Cloud over Newsome's big moment

August 07, 1999|By Ken Rosenthal

Imagine if the Pro Football Hall of Fame were in Maryland, and Robert Irsay had attended the induction of a former Colt less than three years after moving the team to Indianapolis.

It would have been an ugly scene -- precisely the kind of scene Ravens owner Art Modell wanted to avoid when he decided to skip Ozzie Newsome's induction today in Canton, Ohio.

"That's something I told him the day it was announced he would enter the Hall: `I will not be there, out of respect for you,' " Modell said.

It's a shame that Modell can't be in Canton to honor one of his greatest players and favorite employees -- Newsome, a former tight end for the Cleveland Browns, is now the Ravens' vice president of player personnel.

But Modell's choice is part of the inevitable fallout from his decision to leave Cleveland for Baltimore -- a decision that will forever taint his legacy in the city where he owned the Browns for 35 years.

Modell must accept the consequences for his actions -- just as his new city and state must brace for another round of national disdain when the Ravens face the reborn Browns twice this season.

Is it fair? Not completely.

Is it reality? Absolutely.

Neither Modell, 74, nor his son, David, 37, seriously considered going to Canton, a city approximately 40 miles southeast of Cleveland.

"It's a personal loss to me, but I would do nothing to distract from Ozzie's day in Canton, pure and simple," Art Modell said.

"I would like to have been there. So would [Modell's wife] Pat, because of our affection for Ozzie. But it's more important that he enjoy the day without any intrusion."

Said David Modell, the Ravens' team president: "It's more than moderately disappointing, but on the greatest day of Ozzie's professional football playing career, it would be extremely unfair to instigate any added sideshow."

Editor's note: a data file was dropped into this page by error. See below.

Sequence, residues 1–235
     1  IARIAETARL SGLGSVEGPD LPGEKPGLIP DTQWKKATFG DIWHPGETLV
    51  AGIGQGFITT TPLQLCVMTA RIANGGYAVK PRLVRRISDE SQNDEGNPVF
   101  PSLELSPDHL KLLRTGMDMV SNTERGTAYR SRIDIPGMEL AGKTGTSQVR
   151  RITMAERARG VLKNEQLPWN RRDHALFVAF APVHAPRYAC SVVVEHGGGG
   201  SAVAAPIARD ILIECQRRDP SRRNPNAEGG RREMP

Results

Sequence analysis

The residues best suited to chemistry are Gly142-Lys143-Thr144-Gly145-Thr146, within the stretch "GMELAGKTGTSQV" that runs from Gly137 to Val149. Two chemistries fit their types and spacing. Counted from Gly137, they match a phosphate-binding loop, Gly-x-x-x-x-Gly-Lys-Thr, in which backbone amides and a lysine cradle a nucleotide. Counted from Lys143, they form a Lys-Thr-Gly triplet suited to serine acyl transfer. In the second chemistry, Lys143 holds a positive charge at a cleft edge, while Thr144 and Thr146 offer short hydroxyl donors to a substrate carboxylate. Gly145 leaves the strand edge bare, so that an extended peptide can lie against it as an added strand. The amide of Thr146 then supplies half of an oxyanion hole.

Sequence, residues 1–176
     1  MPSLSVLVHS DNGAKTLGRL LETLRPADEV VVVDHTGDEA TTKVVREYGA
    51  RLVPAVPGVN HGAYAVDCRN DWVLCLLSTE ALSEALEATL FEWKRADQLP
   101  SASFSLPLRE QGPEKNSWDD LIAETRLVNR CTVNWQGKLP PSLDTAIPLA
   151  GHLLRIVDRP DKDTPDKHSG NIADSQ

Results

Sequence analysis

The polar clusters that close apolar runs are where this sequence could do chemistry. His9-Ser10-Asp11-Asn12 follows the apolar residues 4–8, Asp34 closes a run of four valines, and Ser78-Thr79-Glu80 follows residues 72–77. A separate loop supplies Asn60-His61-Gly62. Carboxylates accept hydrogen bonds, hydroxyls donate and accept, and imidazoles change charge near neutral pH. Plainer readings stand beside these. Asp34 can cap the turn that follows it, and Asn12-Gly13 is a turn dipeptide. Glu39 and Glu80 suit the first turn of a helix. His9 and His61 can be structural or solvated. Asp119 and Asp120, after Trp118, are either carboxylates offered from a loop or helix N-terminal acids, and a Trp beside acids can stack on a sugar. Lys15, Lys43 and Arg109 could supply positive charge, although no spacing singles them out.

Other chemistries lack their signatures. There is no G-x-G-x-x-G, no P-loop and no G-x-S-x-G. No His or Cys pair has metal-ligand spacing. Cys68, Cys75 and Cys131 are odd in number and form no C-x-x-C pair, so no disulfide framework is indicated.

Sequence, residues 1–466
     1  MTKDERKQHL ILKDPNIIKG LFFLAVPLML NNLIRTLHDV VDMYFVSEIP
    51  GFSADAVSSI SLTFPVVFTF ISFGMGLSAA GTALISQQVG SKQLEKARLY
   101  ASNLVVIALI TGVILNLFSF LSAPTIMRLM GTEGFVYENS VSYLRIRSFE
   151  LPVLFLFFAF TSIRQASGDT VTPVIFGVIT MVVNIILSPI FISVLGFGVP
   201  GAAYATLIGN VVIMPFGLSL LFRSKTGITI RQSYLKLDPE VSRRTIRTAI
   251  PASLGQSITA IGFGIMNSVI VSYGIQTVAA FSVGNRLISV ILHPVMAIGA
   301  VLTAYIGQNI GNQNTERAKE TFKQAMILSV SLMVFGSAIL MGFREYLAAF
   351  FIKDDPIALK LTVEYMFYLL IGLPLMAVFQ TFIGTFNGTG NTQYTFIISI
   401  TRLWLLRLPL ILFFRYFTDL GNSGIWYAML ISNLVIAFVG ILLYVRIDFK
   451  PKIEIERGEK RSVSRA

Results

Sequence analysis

What exactly did the Modells fear?

"It's hard to say, but if there was a problem, that would be unfair to Ozzie. He doesn't deserve that headache," David Modell said.

So, the Modells will watch on television, just as they are likely to do when the Ravens play their first game in Cleveland on Nov. 7.

The reaction to an appearance by the Modells that day would be even more vehement than it would have been at today's ceremonies. But David said he expects to return to his former hometown eventually.

"You bet," David said. "I'll see football in the new Cleveland stadium. I don't think there's any doubt I'll definitely go back there. I just don't know when."

Meanwhile, the anger over the Browns' departure continues to cause discomfort for everyone involved.

Newsome, a Modell employee for 21 years, has struggled with how to mention the owner during his Hall of Fame acceptance speech. Modell told him not to bother.

"Now that I'm here, the emotion is more for me than I thought," Newsome said last night at a dinner honoring the Hall of Famers in Canton. "It's so sad that Art cannot be a part of this because he's so much a part of my being here.

"Am I going to say his name tomorrow? He's friend. It's more than he's my boss. He's more than a guy I've worked with since 1978. He's my close friend. I will speak from my heart tomorrow afternoon."

Kevin Byrne, the Ravens' vice president of public relations and marketing, said both he and Newsome received hate mail from Cleveland, including a letter from a woman who threatened to carry "Traitor of Oz" posters today.

Such a demonstration would cross the line of decency -- Newsome has said he was left with two options when Modell moved to Baltimore: Become one of the top African-American executives in professional sports or a tight-ends coach with another team.

Everyone in Baltimore can understand Cleveland's bitterness, but perhaps after the Ravens' November visit, it will become fair to ask: When will it be time to move on?

For all his faults, Modell had a far greater community impact on Cleveland than the late Irsay did on Baltimore, donating to charity, helping revive downtown, serving as a civic leader.

What's more, Cleveland received a far better deal than Baltimore from the NFL, regaining a team after three years instead of 13, and retaining the Browns' names, colors and history.

It can even be argued that Cleveland is better off without Modell, an owner many Browns fans came to despise.

No one wanted a three-year hiatus from the NFL, or the excessive cost of a new stadium. But a stadium would have been part of the equation even if Modell had stayed. And the new Browns owner, Al Lerner, faces none of the financial problems that continue to haunt Modell in Baltimore.

Then again, those are rational arguments, and this is an emotional issue.

An issue to which Baltimore can relate.

An issue that forced the Modells to skip the Hall of Fame induction of a man they consider part of their family.

"Ozzie knows that whether we're there with him physically or not, we're there with him in spirit," David Modell said.

Pub Date: 8/07/99

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